The international debate on how the country should tax large US technology companies such as Google, Amazon and Facebook is heating up, which poses a challenge to President Joe Biden’s new administration.

The upcoming mid-year deadline is about negotiations on a global agreement to resolve trade disputes with France and other countries. France and other countries are levying separate digital taxes, which the United States considers discriminatory.

France imposes a 3% tax on the digital income of large technology companies, which actually selects American technology giants. The French government has stated that it will withdraw taxes to support an international solution negotiated by the Organization for Economic Cooperation and Development (Organization for Economic Cooperation and Development). The organization is located in Paris and is an international organization composed of 37 advanced economies.

Experts and officials say time is getting shorter and shorter. Manal Corwin, the head of tax at professional services company KPMG and a former Treasury official in the Obama administration, said that the number of digital taxes outside the OECD process has multiplied and “may trigger a trade war. “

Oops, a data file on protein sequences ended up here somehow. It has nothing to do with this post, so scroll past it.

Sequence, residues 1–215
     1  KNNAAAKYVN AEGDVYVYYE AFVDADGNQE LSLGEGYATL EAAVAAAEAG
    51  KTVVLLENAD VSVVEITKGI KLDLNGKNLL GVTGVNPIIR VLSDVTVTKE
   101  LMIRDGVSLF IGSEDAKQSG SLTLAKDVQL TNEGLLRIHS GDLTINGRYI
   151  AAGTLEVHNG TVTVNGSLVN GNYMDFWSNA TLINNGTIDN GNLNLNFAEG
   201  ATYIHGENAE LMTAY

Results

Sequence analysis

US trade officials called unilateral digital taxes unfair and threatened to retaliate against French goods, but delayed sanctions.

Finance officials from more than 130 countries/regions held an online meeting on Wednesday to resume negotiations on how to best ensure that multinational companies avoid tax avoidance by transferring their activities and profits between countries. A key issue is how to properly tax companies such as technology companies, which may not have branches in a country, but where they use online advertising, user data sales, search engines or social media platforms.

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The talks are about how to allocate a portion of the company’s revenue to the country that uses the service so that the government there can benefit from the tax. The two-day meeting was designed to assess the development of things, and there was no final decision.